The Associated Press is reporting that a Swiss senator will introduce the case of Youssef Nada, the self-described “foreign minister” of the Muslim Brotherhood, into a debate about the fairness and transparency of EU and UN rules for blacklisting those accused of terrorist related activities. A Council of Europe committee is expected to meet and adopt a report by Swiss senator Dick Marty which calls on the UN to place a time limit on the period of listing, to inform those on the lists of the charges against them, and to offer those on the list an opportunity to defend themselves. As a previous post has reported, Italian terrorism funding charges against Nada and another Brotherhood figure were dropped in July due to lack of evidence.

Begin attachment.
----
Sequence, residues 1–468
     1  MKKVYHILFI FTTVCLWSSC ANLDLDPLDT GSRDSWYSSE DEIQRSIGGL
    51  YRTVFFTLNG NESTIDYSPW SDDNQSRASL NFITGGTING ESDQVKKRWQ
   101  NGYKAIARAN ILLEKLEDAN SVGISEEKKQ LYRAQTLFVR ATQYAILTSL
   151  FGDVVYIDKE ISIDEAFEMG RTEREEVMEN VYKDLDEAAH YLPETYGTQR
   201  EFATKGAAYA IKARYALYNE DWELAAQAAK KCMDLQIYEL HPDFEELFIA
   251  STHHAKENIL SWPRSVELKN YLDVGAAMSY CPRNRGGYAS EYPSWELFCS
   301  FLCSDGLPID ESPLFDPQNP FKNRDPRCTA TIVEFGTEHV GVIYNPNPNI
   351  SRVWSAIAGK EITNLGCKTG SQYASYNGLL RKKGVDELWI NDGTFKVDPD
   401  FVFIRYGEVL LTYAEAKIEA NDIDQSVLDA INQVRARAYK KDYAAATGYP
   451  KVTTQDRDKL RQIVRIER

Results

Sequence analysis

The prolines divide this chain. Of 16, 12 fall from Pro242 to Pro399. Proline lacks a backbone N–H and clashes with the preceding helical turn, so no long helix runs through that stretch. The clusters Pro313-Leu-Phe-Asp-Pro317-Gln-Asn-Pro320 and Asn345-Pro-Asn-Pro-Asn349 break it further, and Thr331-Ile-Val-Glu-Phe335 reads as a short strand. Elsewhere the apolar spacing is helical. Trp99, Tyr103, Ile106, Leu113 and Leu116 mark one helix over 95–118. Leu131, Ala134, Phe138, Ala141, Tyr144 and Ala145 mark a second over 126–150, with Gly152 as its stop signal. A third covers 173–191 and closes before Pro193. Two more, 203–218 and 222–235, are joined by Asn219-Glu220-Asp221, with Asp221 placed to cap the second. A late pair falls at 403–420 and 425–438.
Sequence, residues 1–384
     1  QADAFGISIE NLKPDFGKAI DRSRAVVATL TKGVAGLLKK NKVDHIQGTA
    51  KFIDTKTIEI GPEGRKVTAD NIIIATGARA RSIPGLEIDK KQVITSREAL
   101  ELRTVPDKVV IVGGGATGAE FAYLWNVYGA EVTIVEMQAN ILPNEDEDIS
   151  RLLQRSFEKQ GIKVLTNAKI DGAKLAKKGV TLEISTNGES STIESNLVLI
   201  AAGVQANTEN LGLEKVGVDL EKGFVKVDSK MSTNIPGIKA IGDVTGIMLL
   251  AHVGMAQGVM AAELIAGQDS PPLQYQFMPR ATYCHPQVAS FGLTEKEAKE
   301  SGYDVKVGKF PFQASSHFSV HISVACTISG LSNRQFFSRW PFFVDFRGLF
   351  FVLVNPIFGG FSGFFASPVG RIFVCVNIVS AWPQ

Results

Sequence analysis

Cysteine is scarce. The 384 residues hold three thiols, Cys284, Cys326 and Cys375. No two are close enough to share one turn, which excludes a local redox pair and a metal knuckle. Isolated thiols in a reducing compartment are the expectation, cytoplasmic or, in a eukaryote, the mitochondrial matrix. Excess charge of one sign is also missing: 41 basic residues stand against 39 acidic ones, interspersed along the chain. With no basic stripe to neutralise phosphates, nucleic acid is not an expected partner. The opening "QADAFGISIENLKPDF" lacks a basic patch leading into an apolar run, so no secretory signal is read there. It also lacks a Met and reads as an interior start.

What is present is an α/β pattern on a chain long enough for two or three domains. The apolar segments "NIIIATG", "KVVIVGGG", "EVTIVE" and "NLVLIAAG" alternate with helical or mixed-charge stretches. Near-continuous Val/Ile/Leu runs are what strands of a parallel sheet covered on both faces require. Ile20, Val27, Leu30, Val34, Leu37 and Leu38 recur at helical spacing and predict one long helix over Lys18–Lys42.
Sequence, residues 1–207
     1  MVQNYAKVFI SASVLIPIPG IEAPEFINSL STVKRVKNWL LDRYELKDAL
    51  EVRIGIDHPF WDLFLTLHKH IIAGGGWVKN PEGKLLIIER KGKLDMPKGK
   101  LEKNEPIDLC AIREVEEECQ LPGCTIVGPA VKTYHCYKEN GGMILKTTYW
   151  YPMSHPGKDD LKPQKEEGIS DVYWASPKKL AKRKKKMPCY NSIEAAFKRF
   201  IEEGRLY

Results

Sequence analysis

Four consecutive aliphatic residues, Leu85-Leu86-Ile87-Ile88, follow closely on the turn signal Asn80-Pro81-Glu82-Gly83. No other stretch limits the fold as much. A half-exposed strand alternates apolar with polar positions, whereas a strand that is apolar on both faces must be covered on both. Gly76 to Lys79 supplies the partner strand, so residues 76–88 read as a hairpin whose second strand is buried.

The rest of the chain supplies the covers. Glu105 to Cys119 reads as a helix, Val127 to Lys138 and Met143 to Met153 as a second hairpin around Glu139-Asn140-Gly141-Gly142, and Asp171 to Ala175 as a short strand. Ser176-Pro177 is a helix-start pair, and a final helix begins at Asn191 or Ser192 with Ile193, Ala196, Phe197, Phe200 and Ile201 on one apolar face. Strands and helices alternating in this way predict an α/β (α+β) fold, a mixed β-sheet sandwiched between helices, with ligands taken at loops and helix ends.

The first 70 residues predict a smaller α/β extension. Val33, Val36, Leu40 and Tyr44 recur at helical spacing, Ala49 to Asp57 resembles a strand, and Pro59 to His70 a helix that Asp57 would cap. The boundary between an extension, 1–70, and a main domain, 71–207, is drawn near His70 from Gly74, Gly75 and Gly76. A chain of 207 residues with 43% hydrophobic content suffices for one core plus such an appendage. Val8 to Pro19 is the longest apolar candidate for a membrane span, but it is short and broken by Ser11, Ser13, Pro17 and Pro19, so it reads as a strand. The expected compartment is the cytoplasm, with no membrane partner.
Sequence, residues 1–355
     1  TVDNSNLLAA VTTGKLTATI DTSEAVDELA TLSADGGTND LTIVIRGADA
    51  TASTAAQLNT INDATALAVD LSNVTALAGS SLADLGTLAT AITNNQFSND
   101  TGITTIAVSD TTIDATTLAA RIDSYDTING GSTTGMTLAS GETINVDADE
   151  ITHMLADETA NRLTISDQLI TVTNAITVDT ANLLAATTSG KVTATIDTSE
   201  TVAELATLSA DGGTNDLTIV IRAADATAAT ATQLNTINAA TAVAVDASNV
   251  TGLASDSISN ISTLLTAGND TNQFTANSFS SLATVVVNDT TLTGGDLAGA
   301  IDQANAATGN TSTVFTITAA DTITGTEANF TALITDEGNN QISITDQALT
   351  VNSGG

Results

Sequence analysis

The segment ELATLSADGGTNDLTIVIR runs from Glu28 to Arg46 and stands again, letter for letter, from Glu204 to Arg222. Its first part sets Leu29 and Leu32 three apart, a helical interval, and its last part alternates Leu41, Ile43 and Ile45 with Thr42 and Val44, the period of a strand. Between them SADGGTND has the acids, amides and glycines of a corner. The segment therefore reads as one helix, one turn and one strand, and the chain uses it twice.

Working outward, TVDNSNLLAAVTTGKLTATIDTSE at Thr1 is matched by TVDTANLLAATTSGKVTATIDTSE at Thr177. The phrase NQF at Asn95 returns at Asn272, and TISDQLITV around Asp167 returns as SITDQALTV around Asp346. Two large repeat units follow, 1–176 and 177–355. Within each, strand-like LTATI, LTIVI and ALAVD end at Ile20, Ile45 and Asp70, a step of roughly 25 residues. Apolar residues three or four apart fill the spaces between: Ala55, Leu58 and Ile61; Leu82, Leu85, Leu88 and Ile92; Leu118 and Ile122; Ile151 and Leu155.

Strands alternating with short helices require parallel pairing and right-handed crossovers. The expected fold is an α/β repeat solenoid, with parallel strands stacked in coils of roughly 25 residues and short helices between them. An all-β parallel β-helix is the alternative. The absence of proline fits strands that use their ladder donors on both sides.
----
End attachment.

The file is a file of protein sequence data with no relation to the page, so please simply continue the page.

Nada, and his partner Ghaleb Ali Himmat, are best known for their role in establishing the infamous and now-defunct Al Taqwa Bank located “offshore” in the Bahamas. Numerous Muslim Brotherhood luminaries held shares in the bank, including the bank’s Sharia supervisor Sheikh Youssef Qaradawi and his family, which was supposed to conduct business in accord with Islamic principles. The bank was closed in 2000 after what Nada said were unforeseen developments related to the Asian financial crisis and a run on the bank caused by unfavorable publicity generated by accusations that the bank was funding Hamas. No documentation of the bank’s activities has ever been produced and Nada has refused to hand over the bank records which he said were moved to Saudi Arabia. Nada has claimed to the acting “foreign minister” for the Muslim Brotherhood and is known to have met with Saddam Hussein. Prosecution of Nada and Al Taqwa has also been dropped in Switzerland recently but Nada, Himmat, Nasreddin, and Al Taqwa remain on the U.S. and other lists of designated terrorists.